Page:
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Irish Youth Health Promotion Bibliography

This is a comprehensive bibliography of published and unpublished studies, post-graduate theses, and other research studies related to youth health promotion in the youth work sector in Ireland. We are very grateful to the Health Promotion research centre based in NUI Galway for their support in collating this bibliography of research studies.

This bibliography will act as a foundation for an in-depth evaluation of Irish research on youth health promotion. It will assist in identifying gaps in policy and practice, planning future projects and reduce duplication of research.

Example Searches:

Alcohol , Drugs, Mental Health, Sexual Health, Youth Work , Kildare, Youth

The search results show a summary of each resource. Click on the Title of the resource to see the full information.

Mental health & social inclusion; report 36.

Full title: 
Mental health & social inclusion; report 36.
Author: 
National Economic Social Forum (NEFS)
Year: 
2007
Category: 
Context
Citation: 
National Economic Social Forum (2007). Mental health & social inclusion; Report 36. Dublin: National Economic and Social Forum.
Publication Type: 
Report
Aim: 
To explore the relationship between mental health and social inclusion in terms of: strengthening positive mental health and well-being for the whole population; the impact of poverty and social exclusion on mental health; and access to services and better recovery rates.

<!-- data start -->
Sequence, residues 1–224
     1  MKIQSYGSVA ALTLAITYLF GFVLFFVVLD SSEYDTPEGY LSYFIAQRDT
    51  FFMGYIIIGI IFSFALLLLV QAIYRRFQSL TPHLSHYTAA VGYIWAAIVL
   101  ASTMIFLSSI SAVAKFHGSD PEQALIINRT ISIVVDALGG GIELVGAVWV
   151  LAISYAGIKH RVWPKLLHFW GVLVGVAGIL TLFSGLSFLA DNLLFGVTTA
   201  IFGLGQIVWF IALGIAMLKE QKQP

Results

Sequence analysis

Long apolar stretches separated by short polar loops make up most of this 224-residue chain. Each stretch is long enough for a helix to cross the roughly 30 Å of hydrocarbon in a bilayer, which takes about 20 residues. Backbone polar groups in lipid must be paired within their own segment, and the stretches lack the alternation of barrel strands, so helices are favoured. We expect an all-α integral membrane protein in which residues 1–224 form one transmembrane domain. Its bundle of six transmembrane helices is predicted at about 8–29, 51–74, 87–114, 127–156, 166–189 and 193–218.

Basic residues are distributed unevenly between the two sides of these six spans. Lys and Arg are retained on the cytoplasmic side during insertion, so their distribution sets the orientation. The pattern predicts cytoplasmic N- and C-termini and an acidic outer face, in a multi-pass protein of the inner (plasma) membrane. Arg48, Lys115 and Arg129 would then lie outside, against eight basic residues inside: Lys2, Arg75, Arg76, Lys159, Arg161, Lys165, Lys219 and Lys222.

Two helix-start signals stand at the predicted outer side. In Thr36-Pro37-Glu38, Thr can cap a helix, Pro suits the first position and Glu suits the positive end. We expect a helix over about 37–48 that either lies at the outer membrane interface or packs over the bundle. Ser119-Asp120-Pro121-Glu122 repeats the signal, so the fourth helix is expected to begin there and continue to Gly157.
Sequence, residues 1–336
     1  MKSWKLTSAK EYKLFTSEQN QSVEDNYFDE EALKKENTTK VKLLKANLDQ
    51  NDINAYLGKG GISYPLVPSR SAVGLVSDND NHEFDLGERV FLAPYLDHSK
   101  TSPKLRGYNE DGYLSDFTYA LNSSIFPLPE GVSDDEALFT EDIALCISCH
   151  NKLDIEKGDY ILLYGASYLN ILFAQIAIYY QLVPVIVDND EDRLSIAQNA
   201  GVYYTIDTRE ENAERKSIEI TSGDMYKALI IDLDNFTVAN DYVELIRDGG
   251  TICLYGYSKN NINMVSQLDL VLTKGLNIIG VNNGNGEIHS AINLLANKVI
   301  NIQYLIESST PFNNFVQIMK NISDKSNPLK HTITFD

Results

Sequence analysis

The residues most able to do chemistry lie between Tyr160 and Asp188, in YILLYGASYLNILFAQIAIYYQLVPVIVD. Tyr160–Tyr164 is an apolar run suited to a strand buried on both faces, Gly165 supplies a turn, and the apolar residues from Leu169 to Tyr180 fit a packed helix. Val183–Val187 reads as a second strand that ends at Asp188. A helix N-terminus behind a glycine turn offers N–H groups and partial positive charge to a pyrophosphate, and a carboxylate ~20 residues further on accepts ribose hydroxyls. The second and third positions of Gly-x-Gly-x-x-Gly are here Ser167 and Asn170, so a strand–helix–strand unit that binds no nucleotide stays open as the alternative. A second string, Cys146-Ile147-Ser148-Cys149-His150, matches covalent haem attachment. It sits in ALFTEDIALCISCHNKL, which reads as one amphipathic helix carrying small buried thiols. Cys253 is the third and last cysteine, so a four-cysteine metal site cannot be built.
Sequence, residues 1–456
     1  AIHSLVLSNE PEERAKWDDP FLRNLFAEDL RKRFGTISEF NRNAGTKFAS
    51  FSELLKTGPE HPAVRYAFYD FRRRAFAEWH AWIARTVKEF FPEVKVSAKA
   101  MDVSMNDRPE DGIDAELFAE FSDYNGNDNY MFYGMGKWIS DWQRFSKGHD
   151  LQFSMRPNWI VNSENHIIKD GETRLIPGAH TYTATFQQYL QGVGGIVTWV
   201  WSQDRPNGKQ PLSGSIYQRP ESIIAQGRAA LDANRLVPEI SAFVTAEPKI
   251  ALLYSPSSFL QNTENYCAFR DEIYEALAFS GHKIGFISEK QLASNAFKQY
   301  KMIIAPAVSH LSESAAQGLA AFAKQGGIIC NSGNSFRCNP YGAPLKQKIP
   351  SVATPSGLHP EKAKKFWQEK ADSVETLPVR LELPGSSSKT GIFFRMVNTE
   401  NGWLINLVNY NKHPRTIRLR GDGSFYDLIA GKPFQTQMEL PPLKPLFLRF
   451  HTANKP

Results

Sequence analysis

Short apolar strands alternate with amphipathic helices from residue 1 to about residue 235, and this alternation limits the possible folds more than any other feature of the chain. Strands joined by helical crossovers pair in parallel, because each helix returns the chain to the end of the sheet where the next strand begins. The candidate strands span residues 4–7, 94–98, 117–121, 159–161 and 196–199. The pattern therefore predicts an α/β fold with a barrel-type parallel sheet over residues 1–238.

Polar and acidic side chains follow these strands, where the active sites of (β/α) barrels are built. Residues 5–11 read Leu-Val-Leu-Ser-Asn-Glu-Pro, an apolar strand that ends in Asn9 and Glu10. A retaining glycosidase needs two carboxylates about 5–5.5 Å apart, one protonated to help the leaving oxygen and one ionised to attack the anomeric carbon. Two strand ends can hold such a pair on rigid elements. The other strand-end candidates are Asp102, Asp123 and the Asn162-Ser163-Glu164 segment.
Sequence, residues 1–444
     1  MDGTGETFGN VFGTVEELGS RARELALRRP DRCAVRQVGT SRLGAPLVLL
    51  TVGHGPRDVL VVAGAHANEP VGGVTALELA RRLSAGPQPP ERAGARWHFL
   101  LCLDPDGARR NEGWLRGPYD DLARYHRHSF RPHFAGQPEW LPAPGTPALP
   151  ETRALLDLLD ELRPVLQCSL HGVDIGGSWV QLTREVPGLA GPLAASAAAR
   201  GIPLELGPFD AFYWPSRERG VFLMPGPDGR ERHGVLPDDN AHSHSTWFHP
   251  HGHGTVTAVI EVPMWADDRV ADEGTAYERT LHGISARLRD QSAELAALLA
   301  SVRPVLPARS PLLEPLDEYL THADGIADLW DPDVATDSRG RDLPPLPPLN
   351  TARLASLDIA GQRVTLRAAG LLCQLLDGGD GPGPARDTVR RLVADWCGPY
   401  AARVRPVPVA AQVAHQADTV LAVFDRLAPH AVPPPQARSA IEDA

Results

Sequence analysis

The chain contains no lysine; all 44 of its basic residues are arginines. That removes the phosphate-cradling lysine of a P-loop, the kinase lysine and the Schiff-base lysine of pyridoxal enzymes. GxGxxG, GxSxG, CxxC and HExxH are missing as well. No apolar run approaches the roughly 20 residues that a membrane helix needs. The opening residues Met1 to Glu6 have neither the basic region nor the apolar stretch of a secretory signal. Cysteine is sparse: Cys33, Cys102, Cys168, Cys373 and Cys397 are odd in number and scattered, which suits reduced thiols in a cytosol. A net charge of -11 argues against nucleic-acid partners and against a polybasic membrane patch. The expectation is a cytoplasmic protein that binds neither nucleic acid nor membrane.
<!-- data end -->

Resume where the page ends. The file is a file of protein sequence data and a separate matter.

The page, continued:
Methodology: 
A consultation process with various stakeholders was carried out; including a public call for submissions of documents relating to this area, public seminars and lectures, and consultations with various stakeholders.
Participants: 
Service users and representatives from youth and children’s organisations, representatives of the Scottish National Programme for Improving Mental Health and Well-being as well as other relevant people who attended the public consultations.
Conclusion: 
Young people are identified as one of the six strategic areas for improving mental health and social inclusion. Early intervention initiatives are identified as the key way to achieve this. This report provides examples of good practice with regard to supportive networks and suicide prevention for mental health promotion and social inclusion of youth. It identifies the need to expand education for citizenship in the school system and in the youth and adult education sectors, with the health and well-being benefits of social and community supports emphasised in this work. It also identifies the importance of raising awareness of mental health and offering a referral service for those who need specific support within the substantial network of youth services identified throughout the country.